Finally, the birthday cake provided by properties master Scott Dickens gives the play a new means of organizing the action to a satisfactory conclusion. Bobby just can’t blow the candles out until circumstances lead him to sing the glorious anthem “Being Alive”. Then the candles can go out when he blows on them.

The cast Mr. Brown has assembled is uniformly superb. These are actors who can sing. The acting could not be stronger because Sondheim doesn’t write songs, he writes theater music. So when these actors sing, the music always comes from a very clear place and for a very clear reason.

Sondheim wrote many of the roles and songs for the actors who would be playing them. You couldn’t guess that from the way this cast consumes the roles and reconceives them with remarkable results.

Harry (James Earl Jones II) and Sarah (Alexis J Rogers)’s karate matchup is but the tip of the iceberg to the complex relationship revealed by these gifted actors as they are serenaded by the ironic “The Little Things You Do Together”. Kathy (Chelsea Morgan), April (Jess Godwin), and Marta (Christine Mild), Bobby’s three current girlfriends encompass a wide range of types, each performed beautifully. Their “You Could Drive a Person Crazy’ has an Andrews Sisters zip in a contemporary idiom. Amy (Allison Hendrix) and Paul (Bernard Balbot) present yet another couple struggling with conflicting anxieties. Their scene is a show-stopper, culminating in Amy’s dazzling “Getting Married Today.”

Thom Miller carries the weight of the musical’s success or failure on his shoulders. Any actor playing Bobby has an audience constantly wondering, “why won’t this guy get married?” The genius of Miller’s performance is that we see him wresting with that question throughout the play. As a performer, Mr. Miller is a super-star leading man. His musical numbers, especially “Some One is Waiting”, “Marry me a Little”, “Side by Side by Side”, “Barcelona’ with Jess Godwin, and the climactic “Being Alive,” just couldn’t be performed any better by any one.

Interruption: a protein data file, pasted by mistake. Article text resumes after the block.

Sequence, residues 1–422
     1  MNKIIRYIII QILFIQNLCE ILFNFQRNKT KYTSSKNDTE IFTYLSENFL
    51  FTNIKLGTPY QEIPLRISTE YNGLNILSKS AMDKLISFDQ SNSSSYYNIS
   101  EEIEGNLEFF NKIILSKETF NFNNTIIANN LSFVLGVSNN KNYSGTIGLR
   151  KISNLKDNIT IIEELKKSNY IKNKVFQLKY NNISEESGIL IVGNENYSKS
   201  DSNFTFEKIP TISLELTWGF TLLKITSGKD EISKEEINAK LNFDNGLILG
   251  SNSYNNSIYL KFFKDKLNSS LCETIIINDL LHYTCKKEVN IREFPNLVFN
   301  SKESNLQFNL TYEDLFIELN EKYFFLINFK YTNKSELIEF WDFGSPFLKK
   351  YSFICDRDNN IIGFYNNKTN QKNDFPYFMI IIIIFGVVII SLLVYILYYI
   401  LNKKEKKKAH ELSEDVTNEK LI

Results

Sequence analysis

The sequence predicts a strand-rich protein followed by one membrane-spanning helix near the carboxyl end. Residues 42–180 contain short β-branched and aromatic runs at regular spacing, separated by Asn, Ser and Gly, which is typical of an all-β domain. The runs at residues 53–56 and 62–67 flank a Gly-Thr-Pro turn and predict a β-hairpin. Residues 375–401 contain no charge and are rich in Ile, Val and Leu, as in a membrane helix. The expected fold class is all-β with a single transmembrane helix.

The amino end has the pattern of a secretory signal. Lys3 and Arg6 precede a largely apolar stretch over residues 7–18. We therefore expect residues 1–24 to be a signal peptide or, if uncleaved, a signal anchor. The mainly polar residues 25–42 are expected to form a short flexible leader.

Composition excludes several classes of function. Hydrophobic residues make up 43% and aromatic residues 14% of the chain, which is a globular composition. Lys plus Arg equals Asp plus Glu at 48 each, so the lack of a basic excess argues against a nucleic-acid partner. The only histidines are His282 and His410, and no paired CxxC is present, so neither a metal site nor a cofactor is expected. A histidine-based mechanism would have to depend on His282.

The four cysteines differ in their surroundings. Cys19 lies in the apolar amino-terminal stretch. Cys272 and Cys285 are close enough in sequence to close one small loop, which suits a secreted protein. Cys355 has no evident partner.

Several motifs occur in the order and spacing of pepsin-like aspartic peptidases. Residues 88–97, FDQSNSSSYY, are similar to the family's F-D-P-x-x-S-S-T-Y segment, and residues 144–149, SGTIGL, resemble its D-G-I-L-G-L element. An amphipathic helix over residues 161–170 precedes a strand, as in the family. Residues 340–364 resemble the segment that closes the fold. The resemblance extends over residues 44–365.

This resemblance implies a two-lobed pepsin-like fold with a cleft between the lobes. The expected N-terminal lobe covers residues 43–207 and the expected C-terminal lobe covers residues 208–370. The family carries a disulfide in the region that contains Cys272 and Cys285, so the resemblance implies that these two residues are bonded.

The rest of the cast is just as good – Patrick Martin as David, Blair Robertson as Jenny, Gabriel Ruiz as Peter, Tiffany Scott as Susan, and Patrick Sarb as Larry, the current husband of Joanne.


The role that was written for Elaine Stritch. Her song “The Ladies Who Lunch” became the actress’ signature song, as “There’s No Business Like Show Business’ became associated with Ethel Merman.

Lia Mortensen takes the role and before you know it you’re asking, “Elaine who?”  The role seems totally reborn and the song reconceived in the desperate circumstances Ms. Mortensen and Mr. Brown have set the song. It is a tour de force, alone worth the trip to Glencoe.

Ms. Mortensen’s performance caused me to think about Chicago’s theater. I believe I happen to have seen Ms. Mortensen in more productions than any other actress since moving to Chicago. In every role she is, of course, Lia Mortensen but in every role she is, at the same time, mysteriously, totally different. Likewise, Todd Rosenthal’s many settings have awed me in multiple Chicago venues for a wide range of plays.

So, it seems to me that Chicago is the theater capital of America because the entire city can be seen as one large company of actors, directors, designers, and theater spaces. We get to visit favorite spaces and we see our old favorites and meet new faces. This was the goal of the America’s little theater movement, regional theater movement, and repertory theater ambitions.

And Chicago has it like no other place I know.